The long-awaited second effort from Israeli filmmaker Samuel Maoz proves an astonishing exploration of grief and war.
Sarah Ward
Published on June 21, 2018


With all of its crushing, heartbreaking weight, grief is rarely far from cinema screens. Still, even in the most thoughtful and personal film, it's an emotion that can be difficult to convey. There's such an immense difference between watching characters going through the process of mourning and actually coping with intense sorrow yourself that, when a movie gets it wrong, it's noticeable. When a movie gets it right, however, it hits with the force of a sledgehammer. Foxtrot is one of those elusive pictures: inventive, immersive and absorbing from start to finish, and so accurate in its portrayal of loss that the story feels as though it has been ripped from reality. Although inspired by writer-director Samuel Maoz's own experience in a tangential way and confronting the very real situation in Israel, it's in fact a work of fiction. It's also an astonishing piece of cinema.

When a knock at their Tel Aviv door interrupts an otherwise ordinary day, Michael (Lior Ashkenazi) and Dafna Feldmann (Sarah Adler) automatically expect the worst. With their son Jonathan (Yonaton Shiray) currently completing his compulsory military service, they've been dreading this moment — and when officials deliver the news that no parent ever wants to hear, their world falls apart. The Feldmanns' shock is only the beginning of Foxtrot's story, with Maoz exploring the situation across three separate parts. After first riding the wave of grief, the film jumps backwards to spend time with Jonathan as he conducts border patrols at a remote desert outpost, before returning to the family's apartment some time latter.

True of this movie perhaps more than most, where Foxtrot heads is best discovered by watching. The film's title refers to a dance as well as a military codeword, and as appropriate as the latter obviously is, it's the former that proves an apt description of this fluid foray into devastating territory. Like the fleetest of footsteps, every move Maoz makes shapes the movie's overall rhythm and keeps viewers enthralled, with actual dance sequences, surreal interludes, and eye-catching animation all part of the show. They mightn't sound like standard ways to explore bureaucracy, mourning and the many difficulties of living in a state of perpetual conflict — or to make plain the film's clear anger about life in modern-day Israel — but, in an extraordinary feat of cinematic choreography, absolutely nothing is wasted or unnecessary.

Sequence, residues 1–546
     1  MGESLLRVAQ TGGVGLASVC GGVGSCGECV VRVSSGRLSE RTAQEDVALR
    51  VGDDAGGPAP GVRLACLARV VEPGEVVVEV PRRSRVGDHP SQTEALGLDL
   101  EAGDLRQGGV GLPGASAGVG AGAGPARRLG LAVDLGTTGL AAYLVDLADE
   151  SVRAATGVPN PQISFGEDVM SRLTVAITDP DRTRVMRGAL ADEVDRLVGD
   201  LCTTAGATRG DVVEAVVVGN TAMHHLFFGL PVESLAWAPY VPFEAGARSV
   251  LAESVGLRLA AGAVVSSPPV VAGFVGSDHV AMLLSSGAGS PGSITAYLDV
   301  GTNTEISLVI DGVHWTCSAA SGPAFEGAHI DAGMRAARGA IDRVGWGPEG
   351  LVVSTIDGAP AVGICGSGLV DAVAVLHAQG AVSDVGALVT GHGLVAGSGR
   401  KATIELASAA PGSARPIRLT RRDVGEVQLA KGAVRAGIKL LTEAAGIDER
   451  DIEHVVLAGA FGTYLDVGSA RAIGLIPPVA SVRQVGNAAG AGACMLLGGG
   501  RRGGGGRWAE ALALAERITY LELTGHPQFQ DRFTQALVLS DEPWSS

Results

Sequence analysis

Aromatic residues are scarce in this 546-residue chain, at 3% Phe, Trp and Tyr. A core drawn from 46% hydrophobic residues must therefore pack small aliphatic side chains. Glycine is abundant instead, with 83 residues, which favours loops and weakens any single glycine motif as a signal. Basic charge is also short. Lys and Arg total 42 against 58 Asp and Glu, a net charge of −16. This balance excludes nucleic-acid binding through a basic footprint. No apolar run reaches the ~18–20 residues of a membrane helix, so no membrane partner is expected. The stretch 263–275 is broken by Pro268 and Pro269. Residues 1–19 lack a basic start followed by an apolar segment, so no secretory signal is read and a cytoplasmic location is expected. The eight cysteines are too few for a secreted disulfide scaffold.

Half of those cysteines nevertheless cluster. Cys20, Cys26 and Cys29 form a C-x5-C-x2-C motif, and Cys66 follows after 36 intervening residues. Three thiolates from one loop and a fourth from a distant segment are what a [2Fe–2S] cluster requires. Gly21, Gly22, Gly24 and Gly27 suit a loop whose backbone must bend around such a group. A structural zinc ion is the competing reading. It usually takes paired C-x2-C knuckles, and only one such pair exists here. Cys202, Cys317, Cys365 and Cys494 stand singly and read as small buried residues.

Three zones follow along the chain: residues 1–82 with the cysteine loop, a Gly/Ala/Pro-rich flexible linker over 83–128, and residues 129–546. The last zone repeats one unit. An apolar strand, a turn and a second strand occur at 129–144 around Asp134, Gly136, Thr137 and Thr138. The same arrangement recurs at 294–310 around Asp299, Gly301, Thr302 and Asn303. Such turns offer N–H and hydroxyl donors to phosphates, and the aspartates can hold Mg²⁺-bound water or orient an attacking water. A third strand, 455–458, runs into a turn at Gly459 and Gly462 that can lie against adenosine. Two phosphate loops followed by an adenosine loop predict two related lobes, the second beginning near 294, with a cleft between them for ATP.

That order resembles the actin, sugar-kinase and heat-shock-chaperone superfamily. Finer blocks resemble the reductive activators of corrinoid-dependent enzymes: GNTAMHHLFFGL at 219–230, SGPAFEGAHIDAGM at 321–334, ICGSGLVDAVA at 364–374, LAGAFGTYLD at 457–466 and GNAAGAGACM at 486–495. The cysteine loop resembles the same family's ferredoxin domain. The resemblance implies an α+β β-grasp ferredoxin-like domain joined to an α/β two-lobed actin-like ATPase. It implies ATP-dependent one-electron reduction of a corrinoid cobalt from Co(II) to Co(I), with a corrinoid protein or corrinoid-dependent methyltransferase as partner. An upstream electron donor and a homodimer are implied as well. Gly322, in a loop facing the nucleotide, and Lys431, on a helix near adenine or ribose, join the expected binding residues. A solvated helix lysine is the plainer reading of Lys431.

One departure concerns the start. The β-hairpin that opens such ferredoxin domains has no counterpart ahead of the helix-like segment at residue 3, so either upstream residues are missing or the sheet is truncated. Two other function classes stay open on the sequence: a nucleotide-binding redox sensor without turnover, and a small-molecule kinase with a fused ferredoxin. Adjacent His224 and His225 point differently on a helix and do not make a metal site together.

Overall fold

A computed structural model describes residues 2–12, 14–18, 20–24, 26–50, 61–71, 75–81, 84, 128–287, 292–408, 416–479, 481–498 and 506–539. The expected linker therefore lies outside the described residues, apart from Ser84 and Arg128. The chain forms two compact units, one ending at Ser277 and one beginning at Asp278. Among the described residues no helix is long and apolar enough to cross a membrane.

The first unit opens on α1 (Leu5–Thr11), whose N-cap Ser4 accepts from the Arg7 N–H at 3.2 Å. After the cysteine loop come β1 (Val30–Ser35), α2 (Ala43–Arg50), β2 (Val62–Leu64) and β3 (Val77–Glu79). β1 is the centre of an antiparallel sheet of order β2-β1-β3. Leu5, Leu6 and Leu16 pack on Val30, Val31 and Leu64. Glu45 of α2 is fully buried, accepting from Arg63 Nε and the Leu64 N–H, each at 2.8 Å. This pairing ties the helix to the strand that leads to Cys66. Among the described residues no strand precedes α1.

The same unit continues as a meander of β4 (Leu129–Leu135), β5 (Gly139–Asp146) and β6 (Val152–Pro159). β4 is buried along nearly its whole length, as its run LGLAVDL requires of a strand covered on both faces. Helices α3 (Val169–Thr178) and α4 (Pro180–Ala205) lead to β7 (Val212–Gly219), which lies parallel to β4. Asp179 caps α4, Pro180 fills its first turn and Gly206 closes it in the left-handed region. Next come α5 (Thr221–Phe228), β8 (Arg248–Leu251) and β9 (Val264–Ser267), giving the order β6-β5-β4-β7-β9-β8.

The same description applies to Foxtrot's trio of central performances, for what's a dance without skilled performers moving to a beat? When Michael is riddled with deep-seeded fury, Israeli veteran Ashkenazi makes every glare in the character's eyes as explosive as his actual outbursts. When Dafna is so overcome with sadness that she can barely even speak, French talent Adler expresses a world of hurt in even the slightest of gestures. And, while newcomer Shiray could've just played Jonathan as a regular youth in a tricky situation, his portrayal is every bit as affecting and textured as the work of his older co-stars. Painting a portrait of a young man grappling with forces beyond his control and troubles of his own, Shiray serves up a disarmingly naturalistic turn that's crucial to the movie's shattering impact.

Indeed, Foxtrot asks the audience to stare at its main cast harder than most films; to feel their aching hearts, to dive into their despairing minds, and to experience their unshakeable sorrow. Maoz doesn't just call upon his actors to attract attention, though, but ensures that every meticulous shot reflects the characters' internal states. Through camera placement, composition, colouring and every other visual tool in the filmmaker's arsenal, the movie's images sear themselves into viewers' brains as well. While this is only Maoz's second picture, that's his modus operandi — intimacy, intricacy, heightened emotions, awe-inspiring images and topical issues, all intertwined. It has been nearly a decade since he drove a tank through the international cinema scene with his gripping debut Lebanon, which was set during the country's 1982 war and confined its view of the conflict to the inside of a tank. But this exceptional follow-up was well worth the wait.


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